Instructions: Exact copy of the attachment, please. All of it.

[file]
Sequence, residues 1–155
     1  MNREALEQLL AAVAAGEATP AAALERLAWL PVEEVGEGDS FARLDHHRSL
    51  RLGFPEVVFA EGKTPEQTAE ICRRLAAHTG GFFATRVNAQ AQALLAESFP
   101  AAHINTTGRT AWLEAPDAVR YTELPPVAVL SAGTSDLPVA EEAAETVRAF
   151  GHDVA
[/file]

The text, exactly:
Sequence, residues 1–155
     1  MNREALEQLL AAVAAGEATP AAALERLAWL PVEEVGEGDS FARLDHHRSL
    51  RLGFPEVVFA EGKTPEQTAE ICRRLAAHTG GFFATRVNAQ AQALLAESFP
   101  AAHINTTGRT AWLEAPDAVR YTELPPVAVL SAGTSDLPVA EEAAETVRAF
   151  GHDVA